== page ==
The Writer’s Symphony- Chapter analysis: Lost and Found

Today, I would like to talk about one of the shortest stories/tales present in The Writer’s Symphony — Lost and Found. This post contains spoilers, so read it at your own risks.

This tale tells the story of a young boy who suddenly finds a box that no one else can see, and on which is written Lost and Found. Now the reader may get confused by the fact that the young boy finds objects he had in his childhood and which were supposed to have been destroyed. But this box and those objects should not be taken literally. As a matter of fact, this box — as you will see towards the end of the tale — does not exist. The box is in fact a representation of the protagonist’s own existence. When Pedro (the protagonist) is looking through the box, he is in fact trying to find himself. It becomes more obvious towards the end when he finds a heart made of glass.

Now you may wonder why he is trying to find himself? That’s where the main theme I used for this tale comes. Through this tale, I wanted to talk about people who, following a tragedy (whether it is the loss of a loved one or the end of a relationship), became lost. It is quite common nowadays. I have a lot of friends who became completely lost after they ended their relationship with their boyfriend/girlfriend because they got used to living and sharing their lives with someone else. As a result, they could not see themselves living by themselves again. At that moment, it feels like the world had stopped for them — imprisoning them in the void.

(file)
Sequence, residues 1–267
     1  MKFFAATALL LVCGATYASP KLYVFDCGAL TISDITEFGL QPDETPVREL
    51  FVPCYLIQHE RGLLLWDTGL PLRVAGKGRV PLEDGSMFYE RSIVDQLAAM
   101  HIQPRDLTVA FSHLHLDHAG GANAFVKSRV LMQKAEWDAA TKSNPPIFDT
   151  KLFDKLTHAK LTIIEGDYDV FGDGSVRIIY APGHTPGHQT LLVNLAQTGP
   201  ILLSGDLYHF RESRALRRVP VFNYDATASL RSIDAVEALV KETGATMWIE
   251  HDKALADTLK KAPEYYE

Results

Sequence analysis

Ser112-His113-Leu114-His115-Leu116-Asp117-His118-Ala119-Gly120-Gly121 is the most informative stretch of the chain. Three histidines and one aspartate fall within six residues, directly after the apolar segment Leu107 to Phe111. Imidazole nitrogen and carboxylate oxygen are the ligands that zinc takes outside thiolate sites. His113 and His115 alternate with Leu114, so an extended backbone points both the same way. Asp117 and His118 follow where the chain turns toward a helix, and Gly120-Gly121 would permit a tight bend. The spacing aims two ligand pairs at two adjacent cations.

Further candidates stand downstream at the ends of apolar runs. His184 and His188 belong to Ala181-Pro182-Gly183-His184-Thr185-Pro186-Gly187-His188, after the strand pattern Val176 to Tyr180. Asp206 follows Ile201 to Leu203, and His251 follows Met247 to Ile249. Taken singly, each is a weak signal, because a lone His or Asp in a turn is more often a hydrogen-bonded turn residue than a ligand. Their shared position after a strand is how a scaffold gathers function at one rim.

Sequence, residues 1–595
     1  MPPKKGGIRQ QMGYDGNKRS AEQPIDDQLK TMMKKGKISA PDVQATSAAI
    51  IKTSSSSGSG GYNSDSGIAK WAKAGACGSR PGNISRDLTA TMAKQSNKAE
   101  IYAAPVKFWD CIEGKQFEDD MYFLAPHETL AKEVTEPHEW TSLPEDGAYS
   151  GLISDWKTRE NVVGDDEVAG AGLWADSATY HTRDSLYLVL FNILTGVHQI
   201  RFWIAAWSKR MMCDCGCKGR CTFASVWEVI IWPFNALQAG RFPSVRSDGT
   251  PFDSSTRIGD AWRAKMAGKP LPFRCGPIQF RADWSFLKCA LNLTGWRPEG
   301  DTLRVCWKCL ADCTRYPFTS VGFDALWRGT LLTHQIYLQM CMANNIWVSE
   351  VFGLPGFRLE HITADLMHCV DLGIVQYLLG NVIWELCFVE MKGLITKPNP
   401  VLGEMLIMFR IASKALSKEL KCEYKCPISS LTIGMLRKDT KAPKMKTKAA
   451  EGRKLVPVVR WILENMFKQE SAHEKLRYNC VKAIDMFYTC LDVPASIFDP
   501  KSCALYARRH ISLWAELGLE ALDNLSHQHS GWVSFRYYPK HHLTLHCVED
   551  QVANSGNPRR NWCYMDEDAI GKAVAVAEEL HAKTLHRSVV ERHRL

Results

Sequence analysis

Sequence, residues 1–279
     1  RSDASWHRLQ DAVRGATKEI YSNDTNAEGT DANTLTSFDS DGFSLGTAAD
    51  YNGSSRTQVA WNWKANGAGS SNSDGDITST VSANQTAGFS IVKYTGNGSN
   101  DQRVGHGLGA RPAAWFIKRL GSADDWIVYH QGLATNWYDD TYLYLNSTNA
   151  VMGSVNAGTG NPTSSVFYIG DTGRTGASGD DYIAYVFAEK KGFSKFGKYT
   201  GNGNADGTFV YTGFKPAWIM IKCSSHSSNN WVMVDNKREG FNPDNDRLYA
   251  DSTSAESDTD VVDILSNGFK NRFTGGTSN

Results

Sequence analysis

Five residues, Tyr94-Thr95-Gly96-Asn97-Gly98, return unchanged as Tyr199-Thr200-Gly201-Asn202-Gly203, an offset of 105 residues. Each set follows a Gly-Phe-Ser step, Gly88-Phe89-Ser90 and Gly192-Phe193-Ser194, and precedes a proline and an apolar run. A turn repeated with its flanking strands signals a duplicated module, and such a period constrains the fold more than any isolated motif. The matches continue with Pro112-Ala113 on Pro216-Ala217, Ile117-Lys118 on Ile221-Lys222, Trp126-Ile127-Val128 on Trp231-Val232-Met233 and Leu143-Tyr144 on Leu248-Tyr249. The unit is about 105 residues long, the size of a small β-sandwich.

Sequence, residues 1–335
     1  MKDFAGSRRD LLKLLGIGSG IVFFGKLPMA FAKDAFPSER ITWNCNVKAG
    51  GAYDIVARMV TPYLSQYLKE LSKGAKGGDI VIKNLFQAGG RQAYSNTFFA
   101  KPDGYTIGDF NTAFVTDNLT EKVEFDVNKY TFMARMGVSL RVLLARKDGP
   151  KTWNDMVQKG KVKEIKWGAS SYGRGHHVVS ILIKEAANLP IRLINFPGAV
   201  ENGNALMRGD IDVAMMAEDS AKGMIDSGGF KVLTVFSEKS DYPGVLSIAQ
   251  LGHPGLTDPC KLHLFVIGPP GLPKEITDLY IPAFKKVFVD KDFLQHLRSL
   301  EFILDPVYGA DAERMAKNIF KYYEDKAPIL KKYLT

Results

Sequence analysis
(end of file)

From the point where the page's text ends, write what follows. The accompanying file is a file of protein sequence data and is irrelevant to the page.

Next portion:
The same happens when someone loses their parents at a young age. If they have not yet started to live by themselves, the loss of one’s parents forces the young person who has not yet discovered the world to live by themselves. Pushed into an unknown world, the person can only feel lost and this feeling can result in a tragic breakdown. In such a situation, the person is often given help from external sources (a psychologist for example). But helping someone is just as its name implies — to make it possible or easier for someone to do something.

If the person wants to overcome this feeling of sadness and of being lost, they have to do it themselves. They have to find the strength in themselves to move on, and more importantly, move forward. To find that strength, they have to rediscover who they are and find the heart which was consumed by sadness.

Therefore, we come to the part of the tale where Pedro finds the heart. When he takes it out of the box, the heart immediately breaks into pieces. It is a metamorphosis telling the reader that Pedro, who finally accepted who he was, also accepted the fact that the tragedy happened and he could do nothing about it. Because he accepted that, he also accepted to finally move on, acknowledging the fact that it would take time to erase his sadness.

The Writer’s Symphony is available for only $0.99 on Barnes & Noble, Kobo, Smashwords, Apple Store, Inktera, Payhip and Scribd.


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